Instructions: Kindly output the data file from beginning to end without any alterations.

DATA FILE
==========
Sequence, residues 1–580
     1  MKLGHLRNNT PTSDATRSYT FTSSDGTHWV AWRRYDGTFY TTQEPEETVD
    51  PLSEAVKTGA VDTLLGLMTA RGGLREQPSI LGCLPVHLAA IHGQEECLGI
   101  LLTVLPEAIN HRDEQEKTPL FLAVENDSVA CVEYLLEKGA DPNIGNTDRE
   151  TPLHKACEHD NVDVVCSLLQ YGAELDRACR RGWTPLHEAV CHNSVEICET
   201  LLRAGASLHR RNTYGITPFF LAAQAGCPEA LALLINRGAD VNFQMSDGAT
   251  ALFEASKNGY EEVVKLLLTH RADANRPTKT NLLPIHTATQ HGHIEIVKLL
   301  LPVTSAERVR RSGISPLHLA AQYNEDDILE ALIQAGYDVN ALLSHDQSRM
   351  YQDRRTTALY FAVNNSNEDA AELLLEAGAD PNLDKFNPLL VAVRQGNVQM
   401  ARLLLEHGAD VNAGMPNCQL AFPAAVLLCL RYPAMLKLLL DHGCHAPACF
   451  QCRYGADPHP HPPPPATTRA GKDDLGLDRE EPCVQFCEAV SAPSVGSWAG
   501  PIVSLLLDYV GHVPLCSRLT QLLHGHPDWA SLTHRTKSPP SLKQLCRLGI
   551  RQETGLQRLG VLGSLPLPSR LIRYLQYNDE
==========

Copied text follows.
Sequence, residues 1–580
     1  MKLGHLRNNT PTSDATRSYT FTSSDGTHWV AWRRYDGTFY TTQEPEETVD
    51  PLSEAVKTGA VDTLLGLMTA RGGLREQPSI LGCLPVHLAA IHGQEECLGI
   101  LLTVLPEAIN HRDEQEKTPL FLAVENDSVA CVEYLLEKGA DPNIGNTDRE
   151  TPLHKACEHD NVDVVCSLLQ YGAELDRACR RGWTPLHEAV CHNSVEICET
   201  LLRAGASLHR RNTYGITPFF LAAQAGCPEA LALLINRGAD VNFQMSDGAT
   251  ALFEASKNGY EEVVKLLLTH RADANRPTKT NLLPIHTATQ HGHIEIVKLL
   301  LPVTSAERVR RSGISPLHLA AQYNEDDILE ALIQAGYDVN ALLSHDQSRM
   351  YQDRRTTALY FAVNNSNEDA AELLLEAGAD PNLDKFNPLL VAVRQGNVQM
   401  ARLLLEHGAD VNAGMPNCQL AFPAAVLLCL RYPAMLKLLL DHGCHAPACF
   451  QCRYGADPHP HPPPPATTRA GKDDLGLDRE EPCVQFCEAV SAPSVGSWAG
   501  PIVSLLLDYV GHVPLCSRLT QLLHGHPDWA SLTHRTKSPP SLKQLCRLGI
   551  RQETGLQRLG VLGSLPLPSR LIRYLQYNDE